To be fair, the brand new fighters in Infinite are pretty cool. It’s nice to see Captain Marvel and Mega Man X finally make it in one of these games. But Infinite is only launching with five characters that are new to the series. Another six are coming as downloadable content, which stings when the roster size is already so comparably small to past entries in the series. And you’ll have to spend real money to get them. Infinite doesn’t have any in-game currency.
I know a lot of people are worried about Marvel vs. Capcom: Infinite. Well, a lot of your fears are justified. The roster is lacking. The game doesn’t look great (it certainly can’t compete with Injustice 2 in the presentation department).
But Infinite is still a lot of fun. It’ll take fighting game experts with more proficiency than me to figure out if it has any life in the tournament scene, but I expect its fast-paced action and new Infinity Stone mechanic will attract some pros. And if you aren’t planning on winning any major tournaments soon and just want to see Rocket Racoon and Dante from Devil May Cry share jokes and guns, then you’ll find plenty of entertainment in the campaign.
It’s not as big and beautiful as I want it to be, but Marvel vs. Capcom: Infinite still has plenty to offer.
Marvel vs. Capcom: Infinite comes out for PlayStation 4, Xbox One, and PC on September 19. The publisher provided us with code for this review.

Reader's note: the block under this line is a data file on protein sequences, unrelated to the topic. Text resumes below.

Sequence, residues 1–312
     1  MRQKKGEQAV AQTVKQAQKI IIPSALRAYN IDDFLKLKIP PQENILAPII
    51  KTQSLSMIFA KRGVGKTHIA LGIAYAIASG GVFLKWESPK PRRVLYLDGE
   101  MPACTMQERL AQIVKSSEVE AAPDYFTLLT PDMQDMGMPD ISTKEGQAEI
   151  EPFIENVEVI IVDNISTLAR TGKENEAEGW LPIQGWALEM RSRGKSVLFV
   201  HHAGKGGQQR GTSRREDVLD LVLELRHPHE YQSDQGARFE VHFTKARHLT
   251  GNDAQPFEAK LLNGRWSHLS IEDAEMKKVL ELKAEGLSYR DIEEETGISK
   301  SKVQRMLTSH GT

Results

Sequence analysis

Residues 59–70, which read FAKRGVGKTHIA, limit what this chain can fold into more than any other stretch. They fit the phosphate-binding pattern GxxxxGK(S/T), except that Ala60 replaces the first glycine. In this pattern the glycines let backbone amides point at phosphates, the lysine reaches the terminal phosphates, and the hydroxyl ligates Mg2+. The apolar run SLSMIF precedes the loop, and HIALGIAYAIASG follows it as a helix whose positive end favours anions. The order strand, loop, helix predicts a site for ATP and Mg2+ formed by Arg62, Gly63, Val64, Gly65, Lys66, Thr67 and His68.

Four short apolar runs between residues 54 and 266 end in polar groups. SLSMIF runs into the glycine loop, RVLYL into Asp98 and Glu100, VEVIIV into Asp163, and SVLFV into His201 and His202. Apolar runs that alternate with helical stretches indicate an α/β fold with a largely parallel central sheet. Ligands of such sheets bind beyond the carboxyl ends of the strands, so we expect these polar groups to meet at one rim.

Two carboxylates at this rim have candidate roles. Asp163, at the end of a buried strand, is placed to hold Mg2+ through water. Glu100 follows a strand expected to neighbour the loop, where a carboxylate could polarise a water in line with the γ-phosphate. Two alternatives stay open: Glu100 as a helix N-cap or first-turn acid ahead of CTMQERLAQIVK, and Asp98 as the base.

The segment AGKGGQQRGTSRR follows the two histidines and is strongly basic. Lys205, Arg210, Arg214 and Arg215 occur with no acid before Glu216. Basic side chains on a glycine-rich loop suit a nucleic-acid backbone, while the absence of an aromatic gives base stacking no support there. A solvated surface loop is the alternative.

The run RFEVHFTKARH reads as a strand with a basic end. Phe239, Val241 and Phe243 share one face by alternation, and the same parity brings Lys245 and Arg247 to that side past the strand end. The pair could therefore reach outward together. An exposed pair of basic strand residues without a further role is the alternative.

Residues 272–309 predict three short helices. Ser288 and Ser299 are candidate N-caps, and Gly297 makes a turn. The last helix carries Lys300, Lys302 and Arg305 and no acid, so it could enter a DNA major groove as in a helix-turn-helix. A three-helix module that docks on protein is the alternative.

GamesBeatGamesBeat's creed when covering the game industry is "where passion meets business." What does this mean? We want to tell you how the news matters to you -- not just as a decision-maker at a game studio, but also as a fan of games. Whether you read our articles, listen to our podcasts, or watch our videos, GamesBeat will help you learn about the industry and enjoy engaging with it. How will you do that? Membership includes access to:
- Newsletters, such as DeanBeat
- The wonderful, educational, and fun speakers at our events
- Networking opportunities
- Special members-only interviews, chats, and "open office" events with GamesBeat staff
- Chatting with community members, GamesBeat staff, and other guests in our Discord
- And maybe even a fun prize or two
- Introductions to like-minded parties